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In 2005, more than 211,000 American women will be inflicted with breast cancer, and more than 40,000 women will die from the disease. An August 2005 study showed that breast cancer rates are improving because of better treatments and early detection. While there are more breast cancer cases being diagnosed every year, there are fewer deaths, and the study showed that breast cancer tumors found today tend to be smaller than in the past.
According to Elena Elkin of the Memorial Sloan Kettering Cancer Center, the study had a clear message "“ the increased use of screening mammography has been able to pick up smaller tumors. A U.S. cancer registry for data on the size of newly found breast cancers from 1975-1999 shows smaller tumors accounted for more breast cancer cases as time went by for all stages of breast cancer.
Mammography has been considered the gold standard for detecting breast cancer, especially at an early and potentially curable stage. Mammography has been proven to reduce breast cancer deaths, but more research is needed to find more accurate ways of detecting cancer at the earliest stages possible. The first national guidelines on mammography were issued in the late 1970s, but despite all the efforts to increase awareness in all women over 40 years old, only about 65 percent get screened when they should.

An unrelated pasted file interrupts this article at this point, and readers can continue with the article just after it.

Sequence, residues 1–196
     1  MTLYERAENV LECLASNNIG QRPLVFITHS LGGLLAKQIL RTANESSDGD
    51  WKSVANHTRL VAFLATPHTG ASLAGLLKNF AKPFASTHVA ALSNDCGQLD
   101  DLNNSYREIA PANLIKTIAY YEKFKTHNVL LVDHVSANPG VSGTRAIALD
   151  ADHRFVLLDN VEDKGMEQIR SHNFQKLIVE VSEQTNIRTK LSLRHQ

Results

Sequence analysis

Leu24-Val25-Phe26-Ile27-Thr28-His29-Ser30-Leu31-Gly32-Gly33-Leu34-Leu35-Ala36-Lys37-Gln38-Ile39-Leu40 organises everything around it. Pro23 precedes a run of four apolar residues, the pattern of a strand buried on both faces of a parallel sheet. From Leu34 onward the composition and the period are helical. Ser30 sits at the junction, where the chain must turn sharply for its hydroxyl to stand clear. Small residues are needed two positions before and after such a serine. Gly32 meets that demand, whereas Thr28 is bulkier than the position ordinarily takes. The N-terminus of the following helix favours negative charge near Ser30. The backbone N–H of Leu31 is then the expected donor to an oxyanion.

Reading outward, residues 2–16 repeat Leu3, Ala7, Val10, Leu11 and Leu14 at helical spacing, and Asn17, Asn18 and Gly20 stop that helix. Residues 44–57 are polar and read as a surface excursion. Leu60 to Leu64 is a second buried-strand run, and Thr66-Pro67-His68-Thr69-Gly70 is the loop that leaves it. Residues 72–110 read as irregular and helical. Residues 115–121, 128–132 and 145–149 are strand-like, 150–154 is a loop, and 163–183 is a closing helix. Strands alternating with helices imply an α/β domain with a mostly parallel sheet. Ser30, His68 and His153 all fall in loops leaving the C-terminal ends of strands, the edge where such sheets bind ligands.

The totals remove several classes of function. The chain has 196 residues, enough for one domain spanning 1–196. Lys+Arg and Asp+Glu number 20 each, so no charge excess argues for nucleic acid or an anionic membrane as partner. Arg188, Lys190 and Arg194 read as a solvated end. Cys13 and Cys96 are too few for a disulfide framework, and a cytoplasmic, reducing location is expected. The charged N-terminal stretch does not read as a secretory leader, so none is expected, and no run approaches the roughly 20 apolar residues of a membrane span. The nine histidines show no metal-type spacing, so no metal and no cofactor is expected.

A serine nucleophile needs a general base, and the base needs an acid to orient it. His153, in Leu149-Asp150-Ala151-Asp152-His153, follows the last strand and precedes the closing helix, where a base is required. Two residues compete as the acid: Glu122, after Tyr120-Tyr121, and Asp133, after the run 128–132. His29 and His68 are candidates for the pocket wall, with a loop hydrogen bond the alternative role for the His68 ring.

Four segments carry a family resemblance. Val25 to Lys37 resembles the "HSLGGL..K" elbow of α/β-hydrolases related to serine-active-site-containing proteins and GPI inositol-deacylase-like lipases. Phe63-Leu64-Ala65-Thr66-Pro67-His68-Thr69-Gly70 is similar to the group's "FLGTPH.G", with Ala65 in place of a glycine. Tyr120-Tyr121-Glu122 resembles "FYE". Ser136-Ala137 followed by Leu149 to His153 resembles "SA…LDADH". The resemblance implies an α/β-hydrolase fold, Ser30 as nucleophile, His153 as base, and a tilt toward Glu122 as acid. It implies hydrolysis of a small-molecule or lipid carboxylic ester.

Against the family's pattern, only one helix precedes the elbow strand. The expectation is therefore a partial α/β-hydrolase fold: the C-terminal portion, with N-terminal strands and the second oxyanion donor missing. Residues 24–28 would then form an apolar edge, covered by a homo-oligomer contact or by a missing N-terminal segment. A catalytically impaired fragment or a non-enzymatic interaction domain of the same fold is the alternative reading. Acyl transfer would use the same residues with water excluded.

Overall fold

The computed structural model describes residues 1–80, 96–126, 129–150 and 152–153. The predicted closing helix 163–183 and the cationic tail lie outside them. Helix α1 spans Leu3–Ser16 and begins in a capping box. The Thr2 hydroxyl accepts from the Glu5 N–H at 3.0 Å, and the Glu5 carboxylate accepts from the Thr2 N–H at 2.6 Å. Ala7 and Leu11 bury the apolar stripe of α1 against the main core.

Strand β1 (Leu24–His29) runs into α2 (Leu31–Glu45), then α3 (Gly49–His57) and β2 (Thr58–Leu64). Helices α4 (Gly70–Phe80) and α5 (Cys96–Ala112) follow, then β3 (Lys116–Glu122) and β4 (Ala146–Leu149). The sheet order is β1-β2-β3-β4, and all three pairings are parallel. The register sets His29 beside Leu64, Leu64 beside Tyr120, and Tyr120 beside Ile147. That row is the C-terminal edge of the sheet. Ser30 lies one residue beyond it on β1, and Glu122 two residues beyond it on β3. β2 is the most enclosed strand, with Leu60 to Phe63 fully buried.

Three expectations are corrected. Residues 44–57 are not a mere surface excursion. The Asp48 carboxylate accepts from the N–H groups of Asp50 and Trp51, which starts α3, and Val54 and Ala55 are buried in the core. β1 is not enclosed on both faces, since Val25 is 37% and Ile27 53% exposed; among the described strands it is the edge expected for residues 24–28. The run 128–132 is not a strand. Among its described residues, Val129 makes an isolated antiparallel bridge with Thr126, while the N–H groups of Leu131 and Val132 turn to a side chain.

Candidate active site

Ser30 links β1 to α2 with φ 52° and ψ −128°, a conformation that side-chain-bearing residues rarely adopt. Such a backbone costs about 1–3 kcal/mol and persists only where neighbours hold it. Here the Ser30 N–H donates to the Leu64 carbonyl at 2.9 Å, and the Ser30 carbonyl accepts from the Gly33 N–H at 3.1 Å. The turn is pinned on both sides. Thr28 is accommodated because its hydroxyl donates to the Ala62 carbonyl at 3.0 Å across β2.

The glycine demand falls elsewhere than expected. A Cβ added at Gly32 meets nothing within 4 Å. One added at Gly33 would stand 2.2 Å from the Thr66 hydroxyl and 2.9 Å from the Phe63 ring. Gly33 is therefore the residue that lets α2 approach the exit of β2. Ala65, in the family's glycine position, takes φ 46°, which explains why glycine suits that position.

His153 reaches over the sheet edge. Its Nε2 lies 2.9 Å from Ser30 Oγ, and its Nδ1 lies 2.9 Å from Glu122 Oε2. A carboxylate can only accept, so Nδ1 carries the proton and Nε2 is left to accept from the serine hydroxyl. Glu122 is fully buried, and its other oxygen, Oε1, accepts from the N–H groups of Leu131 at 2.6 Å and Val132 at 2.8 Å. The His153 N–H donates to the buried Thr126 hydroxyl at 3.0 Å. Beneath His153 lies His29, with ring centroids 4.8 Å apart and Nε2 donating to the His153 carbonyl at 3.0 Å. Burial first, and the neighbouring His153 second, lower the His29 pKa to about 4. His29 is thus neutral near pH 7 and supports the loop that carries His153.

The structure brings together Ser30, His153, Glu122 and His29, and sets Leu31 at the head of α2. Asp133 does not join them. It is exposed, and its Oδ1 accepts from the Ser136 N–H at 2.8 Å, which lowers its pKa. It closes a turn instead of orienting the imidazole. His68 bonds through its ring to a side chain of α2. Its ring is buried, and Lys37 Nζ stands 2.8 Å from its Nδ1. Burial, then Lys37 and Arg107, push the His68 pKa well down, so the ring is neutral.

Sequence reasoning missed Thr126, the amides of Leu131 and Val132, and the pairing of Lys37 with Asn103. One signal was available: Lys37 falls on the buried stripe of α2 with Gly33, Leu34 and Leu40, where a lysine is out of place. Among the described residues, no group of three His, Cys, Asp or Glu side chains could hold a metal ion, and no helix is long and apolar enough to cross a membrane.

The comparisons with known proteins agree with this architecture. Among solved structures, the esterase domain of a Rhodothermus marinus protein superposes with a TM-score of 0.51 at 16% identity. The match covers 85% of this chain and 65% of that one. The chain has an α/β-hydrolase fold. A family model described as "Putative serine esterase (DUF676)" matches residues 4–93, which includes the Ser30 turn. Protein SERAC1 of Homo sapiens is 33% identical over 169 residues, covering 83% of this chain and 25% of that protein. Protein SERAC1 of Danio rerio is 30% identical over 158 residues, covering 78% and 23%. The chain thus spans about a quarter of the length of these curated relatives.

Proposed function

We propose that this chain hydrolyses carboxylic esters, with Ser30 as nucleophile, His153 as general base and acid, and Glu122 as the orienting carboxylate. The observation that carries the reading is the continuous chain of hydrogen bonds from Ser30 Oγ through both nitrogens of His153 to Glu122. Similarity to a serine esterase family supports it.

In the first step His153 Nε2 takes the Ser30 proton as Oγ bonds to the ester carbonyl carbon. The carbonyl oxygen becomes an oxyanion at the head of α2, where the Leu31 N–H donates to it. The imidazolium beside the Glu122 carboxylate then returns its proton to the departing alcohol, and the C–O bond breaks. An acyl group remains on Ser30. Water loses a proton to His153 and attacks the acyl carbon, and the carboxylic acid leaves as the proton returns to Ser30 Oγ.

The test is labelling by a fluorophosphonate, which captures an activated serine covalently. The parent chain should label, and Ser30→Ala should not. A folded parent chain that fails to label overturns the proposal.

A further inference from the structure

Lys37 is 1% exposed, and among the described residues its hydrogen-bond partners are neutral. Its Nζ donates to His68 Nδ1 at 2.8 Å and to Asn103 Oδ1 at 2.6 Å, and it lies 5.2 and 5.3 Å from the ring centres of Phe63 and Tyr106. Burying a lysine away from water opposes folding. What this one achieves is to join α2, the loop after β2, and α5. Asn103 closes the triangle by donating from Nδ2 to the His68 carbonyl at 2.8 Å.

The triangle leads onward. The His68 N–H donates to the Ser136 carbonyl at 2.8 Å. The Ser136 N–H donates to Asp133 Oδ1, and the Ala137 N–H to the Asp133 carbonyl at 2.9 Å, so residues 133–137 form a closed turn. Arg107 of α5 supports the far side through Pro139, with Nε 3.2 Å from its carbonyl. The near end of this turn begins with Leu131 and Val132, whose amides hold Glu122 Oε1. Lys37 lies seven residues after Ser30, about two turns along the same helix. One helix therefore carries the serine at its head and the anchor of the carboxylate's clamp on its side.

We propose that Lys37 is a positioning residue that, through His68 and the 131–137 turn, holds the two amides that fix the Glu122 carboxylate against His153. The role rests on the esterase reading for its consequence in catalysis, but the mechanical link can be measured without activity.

The American Cancer Society recommends annual breast exams by a doctor for all women in their 20s and 30s and annual screening mammograms for women aged 40 and older. The University of Pennsylvania is conducting a study trying to individualize breast screening, aiming to see who needs an MRI, ultrasound or even some of the new experimental techniques like light waves or electrical resistance of the breasts. For some women, especially those at a very high risk for getting breast cancer, mammography is not always able to find the cancer early enough to make a difference.
Films and imaging have made significant improvements in recent decades and have helped detect cancers earlier. In August 2005, Infrared Science Corporation announced it completed a $2.1 million Series B Preferred Stock financing, acquiring the capital necessary to continue introducing Sentinel BreastScan, a systems utilizing infrared imaging and proprietary software employing artificial intelligence techniques.
The systems are designed to be used as an adjunctive test with mammography, ultrasound or clinical examination for the early detection of breast cancer. The FDA approved, non-invasive touchless procedure provides immediate results, but the Sentinel BreastScan is not intended to replace mammography or ultrasound or stand alone as a single test. Breast infrared imaging is capable of detecting the first signs that cancer may be forming up to 10 years before any other procedure can detect it.
As researchers continue to study what tests should be used on what women, mammography remains the best choice for breast cancer screening for the vast majority of people.